Voters OK with taxes, but not with Lansing

The Tea Party is already trying to spin Proposal 1's defeat as either (1) the voters sending sending lawmakers an anti-tax message or (2) the result of confusion from the addition of such things as Earned Income Tax Credit and education funding.

They're wrong.

Many things combined to doom Proposal 1, but as voters in Michigan have repeatedly shown, they're okay with paying taxes - if they know what they're getting.

Michigan Has Raised the Sales Tax Before

It was just 21 years ago - the same year as the "Republican revolution" of 1994 - that Michigan voters voted overwhelmingly to raise the sales tax from 4% to 6%. That proposal, like this year's Proposal 1, had a lot of complex parts, including provisions relating to taxable value of homes.

Nearly 70% of voters approved it.

Proposal 12-5

In 2012, tea partiers sought to get Michigan to require that any tax hikes get the support of 2/3 of the legislature.

That went nowhere fast. In fact, more people voted No on that proposal than voted for or against any proposal since 1963 - and possibly any proposal in Michigan history.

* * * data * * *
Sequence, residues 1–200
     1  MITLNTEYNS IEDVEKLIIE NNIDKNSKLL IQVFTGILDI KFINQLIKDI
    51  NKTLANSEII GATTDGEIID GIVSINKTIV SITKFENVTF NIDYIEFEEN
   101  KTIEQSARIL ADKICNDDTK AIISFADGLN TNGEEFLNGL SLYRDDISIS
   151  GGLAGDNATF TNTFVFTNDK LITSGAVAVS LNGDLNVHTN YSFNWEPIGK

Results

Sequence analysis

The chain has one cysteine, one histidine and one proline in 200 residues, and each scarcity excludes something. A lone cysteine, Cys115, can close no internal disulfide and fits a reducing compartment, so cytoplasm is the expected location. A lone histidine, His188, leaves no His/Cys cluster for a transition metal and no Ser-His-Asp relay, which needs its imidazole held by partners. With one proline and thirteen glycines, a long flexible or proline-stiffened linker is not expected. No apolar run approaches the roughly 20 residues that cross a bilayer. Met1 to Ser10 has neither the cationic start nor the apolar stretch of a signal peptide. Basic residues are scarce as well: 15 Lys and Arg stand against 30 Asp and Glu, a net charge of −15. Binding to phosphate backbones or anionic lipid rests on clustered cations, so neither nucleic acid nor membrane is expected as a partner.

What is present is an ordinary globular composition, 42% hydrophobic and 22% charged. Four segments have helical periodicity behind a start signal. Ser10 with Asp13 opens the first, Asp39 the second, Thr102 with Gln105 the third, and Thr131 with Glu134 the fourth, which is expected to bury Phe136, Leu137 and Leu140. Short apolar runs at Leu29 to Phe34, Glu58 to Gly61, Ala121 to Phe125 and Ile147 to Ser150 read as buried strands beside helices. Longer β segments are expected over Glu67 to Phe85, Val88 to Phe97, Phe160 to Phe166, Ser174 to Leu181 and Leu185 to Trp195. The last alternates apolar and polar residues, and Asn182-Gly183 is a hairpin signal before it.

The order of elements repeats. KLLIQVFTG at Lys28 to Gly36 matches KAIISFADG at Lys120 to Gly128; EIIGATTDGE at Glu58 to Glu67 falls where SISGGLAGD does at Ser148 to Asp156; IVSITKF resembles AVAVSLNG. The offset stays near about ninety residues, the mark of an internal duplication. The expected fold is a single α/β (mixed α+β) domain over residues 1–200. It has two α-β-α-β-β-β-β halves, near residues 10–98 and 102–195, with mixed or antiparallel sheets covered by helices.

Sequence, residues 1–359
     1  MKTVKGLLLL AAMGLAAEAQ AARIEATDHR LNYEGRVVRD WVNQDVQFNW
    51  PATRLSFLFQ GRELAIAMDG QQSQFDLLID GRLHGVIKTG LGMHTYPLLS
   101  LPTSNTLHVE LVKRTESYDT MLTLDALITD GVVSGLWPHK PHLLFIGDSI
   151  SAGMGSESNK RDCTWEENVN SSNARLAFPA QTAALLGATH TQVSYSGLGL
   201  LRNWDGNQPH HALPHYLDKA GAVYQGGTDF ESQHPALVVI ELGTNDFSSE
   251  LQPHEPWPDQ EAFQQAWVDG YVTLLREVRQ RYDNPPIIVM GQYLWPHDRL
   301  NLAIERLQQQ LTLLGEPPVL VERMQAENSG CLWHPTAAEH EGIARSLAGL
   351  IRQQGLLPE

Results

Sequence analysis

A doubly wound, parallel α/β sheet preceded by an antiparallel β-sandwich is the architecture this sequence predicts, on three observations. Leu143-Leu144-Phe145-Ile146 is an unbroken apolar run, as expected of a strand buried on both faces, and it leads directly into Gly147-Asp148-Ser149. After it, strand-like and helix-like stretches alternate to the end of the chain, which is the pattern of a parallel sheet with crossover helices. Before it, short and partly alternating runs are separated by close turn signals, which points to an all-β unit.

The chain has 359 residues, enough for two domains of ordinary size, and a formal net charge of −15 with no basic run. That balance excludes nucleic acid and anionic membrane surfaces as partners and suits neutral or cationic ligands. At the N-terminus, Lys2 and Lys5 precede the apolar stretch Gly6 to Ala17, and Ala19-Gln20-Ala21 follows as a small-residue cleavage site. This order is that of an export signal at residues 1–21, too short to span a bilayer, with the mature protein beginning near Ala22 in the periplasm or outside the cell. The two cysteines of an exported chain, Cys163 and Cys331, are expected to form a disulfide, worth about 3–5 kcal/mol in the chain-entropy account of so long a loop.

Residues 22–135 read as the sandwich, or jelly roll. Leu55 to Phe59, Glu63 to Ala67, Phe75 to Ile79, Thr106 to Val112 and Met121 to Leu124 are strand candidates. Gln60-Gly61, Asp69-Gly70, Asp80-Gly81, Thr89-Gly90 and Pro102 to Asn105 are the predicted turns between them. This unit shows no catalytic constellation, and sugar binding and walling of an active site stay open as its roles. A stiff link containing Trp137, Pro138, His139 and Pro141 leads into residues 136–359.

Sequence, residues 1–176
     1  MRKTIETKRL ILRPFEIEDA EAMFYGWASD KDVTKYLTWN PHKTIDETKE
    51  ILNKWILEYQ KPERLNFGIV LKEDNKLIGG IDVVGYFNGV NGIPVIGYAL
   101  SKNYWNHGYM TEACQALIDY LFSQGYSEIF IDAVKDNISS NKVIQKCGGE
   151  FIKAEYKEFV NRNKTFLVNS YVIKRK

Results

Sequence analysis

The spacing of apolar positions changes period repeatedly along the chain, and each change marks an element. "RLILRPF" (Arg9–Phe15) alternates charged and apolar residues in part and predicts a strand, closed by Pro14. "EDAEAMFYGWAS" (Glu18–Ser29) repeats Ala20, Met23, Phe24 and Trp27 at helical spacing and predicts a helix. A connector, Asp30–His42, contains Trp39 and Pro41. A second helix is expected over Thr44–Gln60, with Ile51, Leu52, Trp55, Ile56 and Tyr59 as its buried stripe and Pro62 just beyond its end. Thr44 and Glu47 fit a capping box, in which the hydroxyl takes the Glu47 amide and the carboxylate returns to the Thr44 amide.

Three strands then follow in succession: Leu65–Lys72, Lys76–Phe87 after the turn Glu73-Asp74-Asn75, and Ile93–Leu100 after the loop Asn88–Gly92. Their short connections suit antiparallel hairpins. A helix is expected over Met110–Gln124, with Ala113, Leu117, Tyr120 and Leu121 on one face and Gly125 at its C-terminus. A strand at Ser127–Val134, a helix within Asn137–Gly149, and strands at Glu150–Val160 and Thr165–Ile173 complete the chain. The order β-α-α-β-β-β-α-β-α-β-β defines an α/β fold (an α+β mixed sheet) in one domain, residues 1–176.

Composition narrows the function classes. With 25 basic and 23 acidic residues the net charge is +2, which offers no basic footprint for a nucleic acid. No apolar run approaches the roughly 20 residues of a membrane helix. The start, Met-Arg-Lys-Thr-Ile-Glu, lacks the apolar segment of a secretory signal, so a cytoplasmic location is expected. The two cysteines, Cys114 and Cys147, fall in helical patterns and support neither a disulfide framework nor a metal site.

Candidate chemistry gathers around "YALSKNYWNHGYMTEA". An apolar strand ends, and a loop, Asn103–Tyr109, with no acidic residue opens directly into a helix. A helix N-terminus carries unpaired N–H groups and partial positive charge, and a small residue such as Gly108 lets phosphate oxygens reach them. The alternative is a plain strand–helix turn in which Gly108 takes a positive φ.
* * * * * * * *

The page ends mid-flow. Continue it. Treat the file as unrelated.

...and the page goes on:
Politicians No Longer Punished for Raising Taxes

if the 1983 recalls of State Sens. Phil Mastin and David Serotkin seem long ago, it's because they are.

In 2011, Republicans passed a tax shift that forced poor people to bear the brunt of Michigan's financial burden. We've had two elections since then - neither of which led to Democrats gaining any control in Lansing.

After Democrats (and a few Republicans) voted to raise the income tax in 2007, Democrats gained nine seats in the state House in 2008. That year, Mark Schauer actually got a promotion, defeating Tim Walberg in a red-tilting district.

Republican Kent County Backs Millage Increases

Last year, Rick Snyder got 62% of Kent County's vote. Even Terri Lynn Land got 52% of the vote here. Yet voters in this Republican-leaning county passed three - not one, not two, but three - tax increases:

The result of these millage increases is that most Kent County residents who live outside of Grand Rapids are paying $31 per year for every $100,000 in value to their house.

In fact, today's vote on Proposal 1 is likely to represent the first failed tax vote on the ballot anywhere in Kent County in two years.

So don't fall for the anti-tax spin. Even many opponents of Proposal 1 know that taxes are necessary, even if they didn't like this proposal.

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